Tax season in 2020 was an oddball for everyone, because of the unprecedented event sending everyone reeling. Taxes were the last thing on many people’s minds, as they tried to comprehend the situation the world was in due to the COVID-19 pandemic. Millions lost their jobs and were forced to stay home to remain safe from the novel coronavirus.
However, paying your taxes is a necessary duty, and Canadians did manage their taxes better due to the government’s deadline delays. The government might not delay tax deadlines in 2021 for the 2020 income tax season. I would suggest beginning preparations to file your taxes early on so that you are well prepared by April.
I will also discuss some tax breaks on your income returns from the 2020 income year that you can consider. These two uncommon tax breaks can help you reduce the tax bill that the Canada Revenue Agency (CRA) gives you whenever tax season arrives.
Self-employed professionals typically use work expenses to reduce their tax bills already. However, many Canadians don’t realize that the commission-based and salaried workforce can also enjoy tax breaks on their income.
2020 saw many people working from home. If that was your case and you found yourself paying expenses to earn your income, you can deduct those costs from your tax returns. Perhaps you might have used more electricity or paid more for the internet due to work. You might have even had to make changes to your workspace at home to accommodate for a better working environment.
If your employer did not compensate you for these expenses, you should consider keeping all the receipts and using those expenses to reduce your tax bills.
Interest paid on student loans
It is unfortunate, but many people might still find themselves paying off their student loans. If you received your student loan under the Canada Student Loans Act, there are a few interest payments that you can deduct from your tax returns. Student loans received under the Canada Student Financial Assistance Act or similar provincial or territorial government law also qualifies you for the tax break.
The tax break does not apply to interest paid on lines of credit or personal loans, even if you used the money for education. Additionally, interest paid on student loans from another country does not qualify for the tax break. You can claim the interest paid for student loans in the tax deduction for the current tax year, going back as far as interest paid in the last five years.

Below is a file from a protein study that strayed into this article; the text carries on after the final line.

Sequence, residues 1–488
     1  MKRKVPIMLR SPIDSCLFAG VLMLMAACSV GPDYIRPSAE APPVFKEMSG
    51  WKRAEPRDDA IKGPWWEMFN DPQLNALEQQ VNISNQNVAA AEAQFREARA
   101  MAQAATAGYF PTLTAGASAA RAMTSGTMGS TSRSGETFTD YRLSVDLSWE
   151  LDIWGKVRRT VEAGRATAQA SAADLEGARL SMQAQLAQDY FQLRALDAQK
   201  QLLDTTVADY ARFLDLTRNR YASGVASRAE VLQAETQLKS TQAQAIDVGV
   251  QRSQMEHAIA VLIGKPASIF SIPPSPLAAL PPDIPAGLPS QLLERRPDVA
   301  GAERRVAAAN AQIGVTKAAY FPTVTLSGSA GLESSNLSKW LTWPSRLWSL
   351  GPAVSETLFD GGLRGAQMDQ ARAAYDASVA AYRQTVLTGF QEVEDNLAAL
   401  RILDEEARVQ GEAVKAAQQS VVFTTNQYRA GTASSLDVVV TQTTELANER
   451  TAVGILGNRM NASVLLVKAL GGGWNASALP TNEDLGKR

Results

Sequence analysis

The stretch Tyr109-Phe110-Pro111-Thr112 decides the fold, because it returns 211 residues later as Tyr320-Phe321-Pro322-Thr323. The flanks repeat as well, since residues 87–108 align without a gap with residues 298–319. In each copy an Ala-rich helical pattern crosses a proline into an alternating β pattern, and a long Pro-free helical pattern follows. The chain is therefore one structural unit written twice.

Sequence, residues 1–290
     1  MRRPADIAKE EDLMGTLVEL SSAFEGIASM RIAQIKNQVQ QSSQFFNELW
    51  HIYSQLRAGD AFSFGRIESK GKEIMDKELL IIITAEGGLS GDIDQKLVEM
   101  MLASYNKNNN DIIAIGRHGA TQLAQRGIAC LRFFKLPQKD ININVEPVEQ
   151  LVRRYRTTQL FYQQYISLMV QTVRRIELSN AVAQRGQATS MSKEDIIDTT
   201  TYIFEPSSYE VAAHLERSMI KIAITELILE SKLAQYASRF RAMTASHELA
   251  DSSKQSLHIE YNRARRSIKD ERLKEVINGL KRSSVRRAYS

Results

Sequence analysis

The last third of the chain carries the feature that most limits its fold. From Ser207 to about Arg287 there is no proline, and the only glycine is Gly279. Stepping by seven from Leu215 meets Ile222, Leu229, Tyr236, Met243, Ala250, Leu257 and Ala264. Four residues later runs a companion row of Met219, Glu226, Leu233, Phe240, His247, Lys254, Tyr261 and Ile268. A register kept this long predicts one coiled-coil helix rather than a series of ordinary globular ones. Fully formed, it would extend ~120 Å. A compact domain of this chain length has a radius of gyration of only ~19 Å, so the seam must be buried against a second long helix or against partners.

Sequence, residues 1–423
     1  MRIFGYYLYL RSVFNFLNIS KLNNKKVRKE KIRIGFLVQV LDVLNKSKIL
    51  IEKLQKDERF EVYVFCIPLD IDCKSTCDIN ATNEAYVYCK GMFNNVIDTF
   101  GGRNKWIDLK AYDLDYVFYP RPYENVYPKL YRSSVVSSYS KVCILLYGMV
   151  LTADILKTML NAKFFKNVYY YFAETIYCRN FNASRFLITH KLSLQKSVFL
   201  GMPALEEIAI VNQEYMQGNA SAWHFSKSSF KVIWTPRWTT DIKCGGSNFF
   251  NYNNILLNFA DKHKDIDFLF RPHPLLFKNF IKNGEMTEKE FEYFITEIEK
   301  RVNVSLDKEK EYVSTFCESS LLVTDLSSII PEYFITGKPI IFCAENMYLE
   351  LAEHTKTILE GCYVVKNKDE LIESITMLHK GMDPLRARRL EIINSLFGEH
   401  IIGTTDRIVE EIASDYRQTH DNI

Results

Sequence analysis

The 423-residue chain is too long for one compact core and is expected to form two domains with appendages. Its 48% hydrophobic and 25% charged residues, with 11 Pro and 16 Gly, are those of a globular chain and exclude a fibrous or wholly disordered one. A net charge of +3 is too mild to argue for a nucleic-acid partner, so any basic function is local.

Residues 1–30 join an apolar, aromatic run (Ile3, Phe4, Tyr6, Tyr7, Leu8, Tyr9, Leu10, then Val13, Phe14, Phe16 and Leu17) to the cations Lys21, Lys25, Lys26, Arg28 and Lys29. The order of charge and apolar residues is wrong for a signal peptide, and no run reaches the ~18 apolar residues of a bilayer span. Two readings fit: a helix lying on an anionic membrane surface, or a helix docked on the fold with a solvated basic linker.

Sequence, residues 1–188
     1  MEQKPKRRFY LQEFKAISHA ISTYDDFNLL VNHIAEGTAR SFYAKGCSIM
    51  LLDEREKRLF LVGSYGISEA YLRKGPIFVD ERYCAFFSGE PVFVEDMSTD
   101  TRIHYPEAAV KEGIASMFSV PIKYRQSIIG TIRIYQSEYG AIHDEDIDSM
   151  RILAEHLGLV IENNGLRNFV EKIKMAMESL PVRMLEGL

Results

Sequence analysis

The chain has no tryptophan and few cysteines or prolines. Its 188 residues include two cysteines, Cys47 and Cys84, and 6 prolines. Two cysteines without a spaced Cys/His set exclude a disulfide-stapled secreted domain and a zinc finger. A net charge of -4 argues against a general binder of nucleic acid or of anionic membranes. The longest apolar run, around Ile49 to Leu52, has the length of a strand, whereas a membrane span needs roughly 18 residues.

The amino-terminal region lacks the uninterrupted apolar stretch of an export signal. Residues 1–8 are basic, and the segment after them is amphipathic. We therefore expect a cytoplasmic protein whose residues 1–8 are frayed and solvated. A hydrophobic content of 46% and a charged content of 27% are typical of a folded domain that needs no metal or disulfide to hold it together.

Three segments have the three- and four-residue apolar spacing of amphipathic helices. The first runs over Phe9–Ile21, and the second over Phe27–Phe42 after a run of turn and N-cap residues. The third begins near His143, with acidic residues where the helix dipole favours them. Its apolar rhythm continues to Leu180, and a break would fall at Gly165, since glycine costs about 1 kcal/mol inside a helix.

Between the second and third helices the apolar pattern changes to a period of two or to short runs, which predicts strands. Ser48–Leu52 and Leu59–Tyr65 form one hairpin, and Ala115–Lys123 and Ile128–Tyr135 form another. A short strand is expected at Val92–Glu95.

Offsetting your tax bill with dividends
Using these uncommon tax breaks is an excellent way to reduce your tax bill. Another way to offset your out-of-pocket expense for paying your taxes is by using your Tax-Free Savings Account (TFSA).
Investing in a portfolio of reliable dividend-paying stocks like Brookfield Renewable Partners (TSX:BEP.UN)(NYSE:BEP) in your TFSA can help you offset your tax bill and generate tax-free passive income for you.
Brookfield Renewable can be an excellent income-generating asset to consider for your short- and long-term financial goals. Brookfield is a consistent market-beating stock that can generate reliable passive income in your TFSA through its dividend payouts. The stock can supplement your account balance through its dividends, allowing you to offset your out-of-pocket expenses for the tax bill.
Additionally, Brookfield is an excellent growth stock. As renewable energy demand grows, companies like Brookfield Renewable will be well positioned to make the most of the growing industry. The stock is trading for $54.95 per share at writing, paying its shareholders at a decent 2.74% dividend yield. While it might not have the highest payouts, the stock can provide you with immense growth in the long run.
Canadians can use all the help they can get when it comes to their taxes. The CRA loves collecting taxes, but it also provides you with several ways to reduce your tax bill. Use these tax breaks to minimize your tax bill and use a portfolio of dividend-paying stocks to offset your tax expenses through tax-free passive income. Brookfield Renewable could be an excellent way to begin building such a portfolio and also drive your wealth growth for the future.
Speaking of uncommon tax breaks you can claim in your 2021 returns…
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This article represents the opinion of the writer, who may disagree with the “official” recommendation position of a Motley Fool premium service or advisor. We’re Motley! Questioning an investing thesis — even one of our own — helps us all think critically about investing and make decisions that help us become smarter, happier, and richer, so we sometimes publish articles that may not be in line with recommendations, rankings or other content.
Fool contributor Adam Othman has no position in any of the stocks mentioned.